This research was carried out at the Johns Hopkins Bloomberg School of Public Health, 615 N. Wolfe Street, Baltimore, MD 21205, USA.
A social network perspective on heroin and cocaine use among adults: evidence of bidirectional influences
Article first published online: 4 JUN 2009
© 2009 Society for the Study of Addiction. No claim to original US government works
Volume 104, Issue 7, pages 1210–1218, July 2009
How to Cite
Bohnert, A. S. B., Bradshaw, C. P. and Latkin, C. A. (2009), A social network perspective on heroin and cocaine use among adults: evidence of bidirectional influences. Addiction, 104: 1210–1218. doi: 10.1111/j.1360-0443.2009.02615.x
- Issue published online: 4 JUN 2009
- Article first published online: 4 JUN 2009
- Submitted 5 November 2008; initial review completed 9 February 2009; final version accepted 16 March 2009
- social influence;
- social networks;
- social selection;
- structural equation modeling
Aims While several studies have documented a relationship between initiation of drug use and social network drug use in youth, the direction of this association is not well understood, particularly among adults or for stages of drug involvement beyond initiation. The present study sought to examine two competing theories (social selection and social influence) in the longitudinal relationship between drug use (heroin and/or cocaine) and social network drug use among drug-experienced adults.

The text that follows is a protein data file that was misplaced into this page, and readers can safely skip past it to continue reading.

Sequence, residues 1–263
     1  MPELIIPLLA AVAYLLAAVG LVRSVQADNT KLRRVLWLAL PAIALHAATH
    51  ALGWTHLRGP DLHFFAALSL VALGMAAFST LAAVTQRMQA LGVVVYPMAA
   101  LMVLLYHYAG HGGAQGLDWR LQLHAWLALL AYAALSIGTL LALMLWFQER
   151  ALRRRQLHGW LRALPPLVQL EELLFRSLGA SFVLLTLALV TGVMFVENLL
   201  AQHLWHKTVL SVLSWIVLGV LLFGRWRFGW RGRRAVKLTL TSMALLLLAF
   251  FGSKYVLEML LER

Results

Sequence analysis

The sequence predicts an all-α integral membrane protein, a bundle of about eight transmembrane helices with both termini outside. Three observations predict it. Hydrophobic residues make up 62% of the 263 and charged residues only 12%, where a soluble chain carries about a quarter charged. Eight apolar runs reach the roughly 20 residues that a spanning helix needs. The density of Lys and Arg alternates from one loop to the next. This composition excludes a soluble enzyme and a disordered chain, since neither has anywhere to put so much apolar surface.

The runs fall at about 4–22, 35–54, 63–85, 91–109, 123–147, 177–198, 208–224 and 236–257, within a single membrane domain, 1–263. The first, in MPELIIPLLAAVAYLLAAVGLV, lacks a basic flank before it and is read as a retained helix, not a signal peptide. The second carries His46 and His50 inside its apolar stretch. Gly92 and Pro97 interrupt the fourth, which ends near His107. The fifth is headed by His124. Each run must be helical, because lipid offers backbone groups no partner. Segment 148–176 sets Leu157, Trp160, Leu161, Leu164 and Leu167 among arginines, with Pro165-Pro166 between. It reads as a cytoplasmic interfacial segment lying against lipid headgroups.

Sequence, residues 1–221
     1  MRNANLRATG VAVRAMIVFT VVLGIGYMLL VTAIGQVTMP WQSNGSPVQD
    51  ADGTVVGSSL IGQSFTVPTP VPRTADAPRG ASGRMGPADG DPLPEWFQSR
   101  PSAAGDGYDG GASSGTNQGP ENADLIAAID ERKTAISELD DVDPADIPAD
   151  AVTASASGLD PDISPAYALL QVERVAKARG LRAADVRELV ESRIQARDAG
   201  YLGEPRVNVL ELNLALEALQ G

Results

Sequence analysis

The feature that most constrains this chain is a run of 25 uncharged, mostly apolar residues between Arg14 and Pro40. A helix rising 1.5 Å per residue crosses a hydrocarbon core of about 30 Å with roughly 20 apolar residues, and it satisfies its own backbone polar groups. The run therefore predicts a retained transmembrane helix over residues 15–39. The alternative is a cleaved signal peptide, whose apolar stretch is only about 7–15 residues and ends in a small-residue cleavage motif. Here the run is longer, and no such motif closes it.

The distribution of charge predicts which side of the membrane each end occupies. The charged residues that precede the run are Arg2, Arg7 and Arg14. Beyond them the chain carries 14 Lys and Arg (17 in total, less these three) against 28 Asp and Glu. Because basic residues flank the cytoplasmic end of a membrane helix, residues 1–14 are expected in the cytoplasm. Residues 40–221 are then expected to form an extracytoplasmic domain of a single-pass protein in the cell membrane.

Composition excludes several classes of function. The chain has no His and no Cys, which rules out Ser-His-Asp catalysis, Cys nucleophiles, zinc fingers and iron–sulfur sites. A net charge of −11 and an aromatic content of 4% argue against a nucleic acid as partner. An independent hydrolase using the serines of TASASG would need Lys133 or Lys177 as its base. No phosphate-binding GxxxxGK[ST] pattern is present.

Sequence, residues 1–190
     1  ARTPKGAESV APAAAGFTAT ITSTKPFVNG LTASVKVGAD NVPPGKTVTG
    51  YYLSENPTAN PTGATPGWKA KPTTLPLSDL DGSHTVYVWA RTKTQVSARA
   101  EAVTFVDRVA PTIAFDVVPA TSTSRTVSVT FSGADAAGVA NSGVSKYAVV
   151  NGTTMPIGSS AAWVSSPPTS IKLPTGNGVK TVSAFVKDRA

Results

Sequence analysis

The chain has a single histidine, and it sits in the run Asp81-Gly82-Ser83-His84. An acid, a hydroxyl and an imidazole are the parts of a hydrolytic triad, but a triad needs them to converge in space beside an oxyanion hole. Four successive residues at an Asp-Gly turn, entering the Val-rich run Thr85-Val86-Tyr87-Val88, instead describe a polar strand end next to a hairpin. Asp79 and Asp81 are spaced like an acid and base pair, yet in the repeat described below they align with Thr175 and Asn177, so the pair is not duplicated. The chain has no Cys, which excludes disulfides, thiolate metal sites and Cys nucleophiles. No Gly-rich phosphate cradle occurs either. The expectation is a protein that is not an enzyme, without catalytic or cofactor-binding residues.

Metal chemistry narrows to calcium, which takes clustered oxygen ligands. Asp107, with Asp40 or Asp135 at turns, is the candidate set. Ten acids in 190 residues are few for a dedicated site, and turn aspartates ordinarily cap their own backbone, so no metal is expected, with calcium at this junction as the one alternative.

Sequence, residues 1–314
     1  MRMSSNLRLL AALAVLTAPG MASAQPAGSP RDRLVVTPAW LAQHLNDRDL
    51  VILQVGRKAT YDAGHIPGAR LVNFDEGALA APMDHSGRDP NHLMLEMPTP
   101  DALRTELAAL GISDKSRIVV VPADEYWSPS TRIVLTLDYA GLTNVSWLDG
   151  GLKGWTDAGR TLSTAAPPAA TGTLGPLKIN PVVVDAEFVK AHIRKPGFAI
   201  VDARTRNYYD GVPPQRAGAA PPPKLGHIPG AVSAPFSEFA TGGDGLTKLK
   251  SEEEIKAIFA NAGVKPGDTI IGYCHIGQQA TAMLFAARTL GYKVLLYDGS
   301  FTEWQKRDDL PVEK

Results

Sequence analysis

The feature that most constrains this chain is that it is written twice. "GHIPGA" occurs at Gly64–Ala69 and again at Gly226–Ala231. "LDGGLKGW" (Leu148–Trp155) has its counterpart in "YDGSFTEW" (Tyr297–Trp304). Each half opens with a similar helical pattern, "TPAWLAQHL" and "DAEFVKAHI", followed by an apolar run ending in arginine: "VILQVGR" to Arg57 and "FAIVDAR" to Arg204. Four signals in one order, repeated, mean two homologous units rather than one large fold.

Design Three waves of data came from a cohort of 1108 adults reporting a life-time history of heroin and/or cocaine use.
Setting Low-income neighborhoods with high rates of drug use in Baltimore, Maryland.
Participants Participants had weekly contact with drug users and were 18 years of age or older.
Measurements Drug use data were self-report. Network drug use was assessed through a social network inventory. Close friends were individuals whom the participant reported seeing daily or rated as having the highest level of trust.
Findings Structural equation modeling indicated significant bidirectional influences. The majority of change in network drug use over time was due to change in the composition of the network rather than change in friends' behavior. Drug use by close peers did not influence participant drug use beyond the total network.
Conclusions There is evidence of both social selection and social influence processes in the association between drug use and network drug use among drug-experienced adults.